And then we arrived at this beautiful, 13,000 acre sanctuary of virtually untouched land in the middle of the jungle, and I knew she was there. A pond full of frogs sat outside the door to our villa, and sometimes they croaked so loud they would keep us awake. All I could think about was catching frogs with my sister when we were little, and my heart would hurt so much for a split second that I wouldn’t be able to breathe. And then I would laugh, picturing her hiding them around the house for us to find and cackling as we screamed.

It was there that I realized that she?s always with me, just a centimeter out of reach. But she’s there. Always. It was there that I was faced with a question that seems so simple on the surface that it’s usually asked mindlessly, a question that should have an obvious answer, a question that, until April 1st, I didn’t have to think about before I responded.

“Do you have any siblings?”

You see, in Belize, family is one of the most important aspects of their culture. There is no importance placed on material things – everything they hold dear consists of the people who make up their world. In the Mayan culture, your family helps build your house with their own hands, they help choose your spouse, they share their land and their food and their wealth.

Everyone helps each other, no questions asked and no judgments made.

Fake small talk doesn’t exist there. Every conversation we had meant something, to us and to them. Here, in the hustle and bustle of our lives in little Wilmington and beyond, it’s a rare thing to strike up a conversation with a stranger. It’s even more rare to actually have a genuine, meaningful conversation with someone you just met. And every single person we met there made that effort.

The first few times we were asked how many siblings we each had, I tried to deflect the question by answering for Wes. Family is so important there, though, that the next question was “and you?”.

A couple of times I was left speechless, not knowing what to say. Here at home, I’d probably just say I have a younger sister and leave it at that, because strangers don’t want to see your raw grief out in the open. But there, looking into the eyes of these people and seeing their compassion, I found the strength to say the words out loud for the first time.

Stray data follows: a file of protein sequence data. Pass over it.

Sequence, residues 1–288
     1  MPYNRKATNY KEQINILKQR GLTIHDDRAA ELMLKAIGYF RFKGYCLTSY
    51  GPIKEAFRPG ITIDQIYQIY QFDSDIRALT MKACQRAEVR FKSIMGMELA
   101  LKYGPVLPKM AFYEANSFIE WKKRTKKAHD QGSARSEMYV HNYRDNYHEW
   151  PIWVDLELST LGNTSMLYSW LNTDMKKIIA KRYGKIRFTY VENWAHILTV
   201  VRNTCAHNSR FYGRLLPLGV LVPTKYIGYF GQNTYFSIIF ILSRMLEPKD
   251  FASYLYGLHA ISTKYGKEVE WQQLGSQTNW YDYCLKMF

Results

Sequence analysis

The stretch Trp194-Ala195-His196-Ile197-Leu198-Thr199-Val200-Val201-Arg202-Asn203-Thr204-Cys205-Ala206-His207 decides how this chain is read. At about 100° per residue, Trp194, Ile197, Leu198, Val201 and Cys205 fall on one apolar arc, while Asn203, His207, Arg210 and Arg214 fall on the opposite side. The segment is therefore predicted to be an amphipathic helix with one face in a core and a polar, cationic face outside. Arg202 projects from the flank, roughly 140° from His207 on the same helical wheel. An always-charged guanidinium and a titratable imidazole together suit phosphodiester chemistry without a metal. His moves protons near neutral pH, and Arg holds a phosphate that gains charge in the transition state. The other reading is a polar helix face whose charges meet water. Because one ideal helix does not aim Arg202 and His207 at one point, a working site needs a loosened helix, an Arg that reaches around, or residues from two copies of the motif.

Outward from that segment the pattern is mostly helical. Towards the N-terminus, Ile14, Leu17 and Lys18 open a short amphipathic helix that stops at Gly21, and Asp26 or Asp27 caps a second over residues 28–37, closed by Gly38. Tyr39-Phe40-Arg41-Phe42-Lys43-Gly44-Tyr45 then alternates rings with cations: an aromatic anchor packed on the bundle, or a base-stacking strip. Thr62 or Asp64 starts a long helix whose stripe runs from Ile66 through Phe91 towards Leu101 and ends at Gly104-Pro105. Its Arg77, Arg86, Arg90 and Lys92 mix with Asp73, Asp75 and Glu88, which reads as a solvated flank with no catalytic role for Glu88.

“I had a younger sister, she passed away a couple of weeks before our wedding.”

Instead of awkward silence, I was greeted with immediate tears and hugs. When I shared a little bit of her story, I was met with understanding nods instead of the judgment I was expecting.

It’s different here, though. Small talk is often conducted on auto-pilot. We ask questions that have been ingrained in our brains since we learned how to talk, and a lot of times we don’t really care about the actual answer. We respond with half-truths, more concerned with what the other person thinks than with formulating an honest answer.

Here, when those of us who have lost a sibling are asked that supposedly simple question, we have to pause. Whether it happened yesterday or twenty years ago, there will forever be a moment of hesitation, a stutter step, a stop and start before our brain settles on an “appropriate” response. We might start answering like we did before we lost them, confidently and without uncertainty, and then we’ll be blindsided with that kick to the ribs that reminds us our answer was forever changed that day a part of our heart was taken from us far before his or her time.

Some of us simply can’t bear to mention our loss. No matter how long it’s been, there are some days where our grief is simply too raw to throw out into the open. Sometimes it would take every ounce of our strength to speak our loved one’s name without breaking into pieces right in front of you.

Please don’t take offense. It’s not you. It’s us.

Sometimes it’s the opposite, though – there are moments where we feel the need to interject a little piece of our sibling’s story just to prove a point, to stop someone from spewing words of hate against addicts, to educate the ignorant on the topic of the disease that has left us wandering around feeling like we lost a part of ourselves.

Sometimes we just need you to shut up and listen.

No matter the case, our response is typically based on one thing – who’s asking? How in depth do we want to go? How uncomfortable can we stand to make them? How much awkward silence are we willing to suffer through for the sake of honesty?

Because any answer we give is either going to be a lie or a half-truth or an infinitesimal fraction of our sibling’s story. And they deserve more than that.

They deserve more than an awkward silence, a pregnant pause, a mumbled “sorry for your loss”, a sideways glance to a friend to save them from an uncomfortable topic. They deserve more than a change of subject, a wide eyed stare, a forced statement of understanding, a nervous gulp of a drink.

They deserve more.

Here’s the thing everyone needs to understand.